Lois May Chan has a brief history of the origins of LCSH up at the LC site. It was apparently the shift to a dictionary catalog with author/title/subject headings in 1898 that led to the creation of LCSH , and they took the existing ALA subject headings as a starting point, knowing that it would have to be expanded to handle the scope of LC's collections. But that just pushes back the question to 'why did ALA feel the need for a subject description scheme separate from a classification scheme. Julia Pettee published a book in 1946, "Subject Headings: The History and Theory of the Alphabetical Subject Approach to Books" that might be enlightening. There was also an issue of Cataloging & Classification Quarterly (v. 29, nos. 1/2) devoted to LCSH (sort of a centennial celebration) which includes an article by Alva Stone on the history of LCSH.

It seems to me that the switch from classified catalogs to dictionary catalogs, combined with the effort to provide multiple subject access points for a text in order to improve users' ability to locate materials in public libraries in the U.S., is what really drove the division between subject headings and classification languages. So I think the origins of the split antedate LCSH by a few decades. As soon as you allowed multiple subject headings for a book in order to improve recall, you would inevitably find that the nice clean mapping between subject headings and a classification structure was broken.

It's possible the split even predates that point. I don't know enough about the early subject indexes into classified catalogs to know whether they support a subject index entry to point to multiple classifications. If so, the split between subject languages and classification systems can probably be traced back quite a ways.

Karen Coyle said...

Jerome, thanks. This was what I was imagining, but now you've given me a good starting place for following the history. Much appreciated.

Alain Pierrot said...

If I may add an external view, the subject “mess” can be “justified” (not only “explained”):

If books do make sense to readers, it is through different purposes and approaches, different considerations.

Imagine that DDC and LCC would structure a collection exactly in the same homothetic way: it would merely represent a change of "vocabulary", exactly as you can represent a number in binary, decimal or hexadecimal base, without any added sense.

That two classifications are not homothetic reflect the fact that one book does make different senses for different readers (or the same reader at different times). It is an enrichment, not a mess, to allow different non-homothetic classifications, provided that consistency in each classification is maintained.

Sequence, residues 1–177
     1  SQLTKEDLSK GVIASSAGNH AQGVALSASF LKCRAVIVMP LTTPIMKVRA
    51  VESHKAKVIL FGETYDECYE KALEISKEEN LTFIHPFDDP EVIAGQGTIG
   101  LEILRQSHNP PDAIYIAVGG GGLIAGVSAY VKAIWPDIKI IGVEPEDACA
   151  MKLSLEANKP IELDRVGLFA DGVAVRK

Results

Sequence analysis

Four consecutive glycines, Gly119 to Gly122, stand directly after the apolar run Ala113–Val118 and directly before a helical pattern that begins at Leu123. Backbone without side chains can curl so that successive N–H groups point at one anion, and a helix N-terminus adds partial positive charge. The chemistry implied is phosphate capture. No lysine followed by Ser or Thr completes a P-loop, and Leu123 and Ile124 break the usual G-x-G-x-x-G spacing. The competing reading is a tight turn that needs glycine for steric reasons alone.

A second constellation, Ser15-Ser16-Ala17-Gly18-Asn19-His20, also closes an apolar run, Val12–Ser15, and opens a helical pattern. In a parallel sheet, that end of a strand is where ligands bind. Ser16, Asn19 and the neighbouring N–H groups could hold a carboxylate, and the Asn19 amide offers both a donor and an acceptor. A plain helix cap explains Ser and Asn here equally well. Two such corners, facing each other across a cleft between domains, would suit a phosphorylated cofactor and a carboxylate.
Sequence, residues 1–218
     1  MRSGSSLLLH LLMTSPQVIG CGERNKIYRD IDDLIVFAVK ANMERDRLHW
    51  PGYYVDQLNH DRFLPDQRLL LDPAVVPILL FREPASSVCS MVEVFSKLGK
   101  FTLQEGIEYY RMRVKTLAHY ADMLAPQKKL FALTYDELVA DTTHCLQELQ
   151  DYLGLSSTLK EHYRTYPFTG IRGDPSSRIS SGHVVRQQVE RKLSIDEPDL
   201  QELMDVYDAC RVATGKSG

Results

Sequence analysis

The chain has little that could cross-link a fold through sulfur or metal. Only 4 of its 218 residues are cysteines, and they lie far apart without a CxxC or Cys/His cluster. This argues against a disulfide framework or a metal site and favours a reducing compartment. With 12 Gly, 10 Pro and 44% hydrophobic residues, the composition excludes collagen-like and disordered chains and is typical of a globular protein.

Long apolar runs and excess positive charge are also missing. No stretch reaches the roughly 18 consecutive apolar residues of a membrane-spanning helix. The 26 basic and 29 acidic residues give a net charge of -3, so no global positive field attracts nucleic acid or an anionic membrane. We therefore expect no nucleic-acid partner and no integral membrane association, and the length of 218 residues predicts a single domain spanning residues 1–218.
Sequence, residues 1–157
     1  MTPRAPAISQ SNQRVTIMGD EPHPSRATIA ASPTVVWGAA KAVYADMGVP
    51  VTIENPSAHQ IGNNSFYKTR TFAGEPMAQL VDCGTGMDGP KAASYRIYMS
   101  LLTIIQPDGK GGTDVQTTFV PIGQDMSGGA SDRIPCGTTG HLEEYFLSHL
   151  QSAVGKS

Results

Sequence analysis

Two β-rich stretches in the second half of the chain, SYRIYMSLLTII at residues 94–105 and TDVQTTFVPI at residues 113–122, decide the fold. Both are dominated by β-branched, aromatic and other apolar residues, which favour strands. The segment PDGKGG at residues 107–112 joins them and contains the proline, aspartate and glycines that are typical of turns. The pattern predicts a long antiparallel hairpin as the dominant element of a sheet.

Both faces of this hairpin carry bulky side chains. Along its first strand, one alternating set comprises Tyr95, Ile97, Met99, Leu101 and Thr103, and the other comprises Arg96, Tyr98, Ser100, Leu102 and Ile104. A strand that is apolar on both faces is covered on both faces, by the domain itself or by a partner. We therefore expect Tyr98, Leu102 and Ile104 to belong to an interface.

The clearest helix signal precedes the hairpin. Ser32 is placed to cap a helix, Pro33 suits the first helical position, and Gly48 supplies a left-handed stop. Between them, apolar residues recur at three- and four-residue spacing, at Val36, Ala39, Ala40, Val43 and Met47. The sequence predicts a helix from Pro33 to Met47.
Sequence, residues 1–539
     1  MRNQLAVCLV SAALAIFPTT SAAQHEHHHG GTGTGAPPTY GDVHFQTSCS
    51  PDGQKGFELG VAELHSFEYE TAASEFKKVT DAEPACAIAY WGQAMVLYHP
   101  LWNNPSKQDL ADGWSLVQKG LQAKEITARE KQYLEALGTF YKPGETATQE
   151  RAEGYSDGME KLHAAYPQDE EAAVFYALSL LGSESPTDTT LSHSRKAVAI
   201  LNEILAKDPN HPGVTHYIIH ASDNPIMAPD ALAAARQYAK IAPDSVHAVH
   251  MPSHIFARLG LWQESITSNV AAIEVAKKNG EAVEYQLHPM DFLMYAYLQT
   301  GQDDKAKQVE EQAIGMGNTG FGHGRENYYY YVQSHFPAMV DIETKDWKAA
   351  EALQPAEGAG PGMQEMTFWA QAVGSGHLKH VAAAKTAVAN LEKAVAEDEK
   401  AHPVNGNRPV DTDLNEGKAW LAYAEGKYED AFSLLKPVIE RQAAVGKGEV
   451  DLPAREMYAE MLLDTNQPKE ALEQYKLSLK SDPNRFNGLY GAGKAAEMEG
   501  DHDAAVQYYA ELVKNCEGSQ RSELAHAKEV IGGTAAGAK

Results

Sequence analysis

Karen Coyle said...

Alain said: "If books do make sense to readers, it is through different purposes and approaches, different considerations."

Yes, but I don't think that's what we're providing. I don't mind that we have Dewey and LCC. Those are indeed different approaches, each legitimate. The problem is that we have no entry into either of them for the users. So they search using LCSH and are sent to the shelf, which is organized by Dewey or LCC, but there isn't a way to use LCSH to mine the richness of LCC or Dewey. There is nothing that would explain to you what the shelf order is. Some people have told me that standing in front of a shelf of books the order is obvious. I'm afraid I don't always find that to be the case. After all, in a small library you can find the computer books ("Excel for Dummies") on the same shelf as general culture ("Weimar culture: the outsider as insider"), followed shortly thereafter by "The big book of hoaxes" and "Ponzi schemes." The next shelf has books on religion. I'd be more comfortable if we had a displayable form of the meaning of the classification codes, and if users who wished to use that system for finding could do so, beginning with an entry vocabulary.

So I guess it's the disconnect between classification and subject headings that bothers me. I definitely would be thrilled if we had a multitude of well-functioning subject systems for people to choose from. I just don't think that we do.

Alain Pierrot said...

Sorry, I hadn't got the point!

It might be interesting to see if tools such as Elastic Lists could provide useful connections?

Karen Coyle said...

Alain, no need to apologize. I took a quick look at Elastic Lists -- thanks for the link. It looks a lot like facets, and I think that both DDC and LCC have some faceting aspects to them. You would probably have to drill down some levels before you could apply facets. Well, it'll be something to keep a watch on.

Antony Gordon said...

This looks like a sad case of boats long missed. Ranganathan's work on facets caught on rather more in Europe than the US and indeed at one time the British National Bibliography went so far as to add facets to DDC numbers that were at the time seen as inadequate -- I think it was edition 14. BNB later abandoned that giving straight DDC numbers. For quite some time it also used an advanced cyclic indexing system invented by Derek Austin known as PRECIS but alas also later abandoned that in favour of LCSH! There was a tight link between PRECIS terms and DDC numbers.

Ranganathan's own Colon Classification was in its time the only fully faceted general classification and was capable also of what Ranganathan termed chain indexing to provide a precise alphabetic link to the classified order. It's still I believe in wide use in India but never caught on elsewhere. The Universal Decimal Classification (UDC) originally based on an early ed of DDC has diverged substantially with substantial faceting that is presumably capable to a reasonable extent of being chain-indexed. I guess the Bliss Classification current ed which is I believe fully facetted would also be similarly capable.

PRECIS was probably ahead of its time in that the manipulation codes necessary could have been more easily applied with current technology.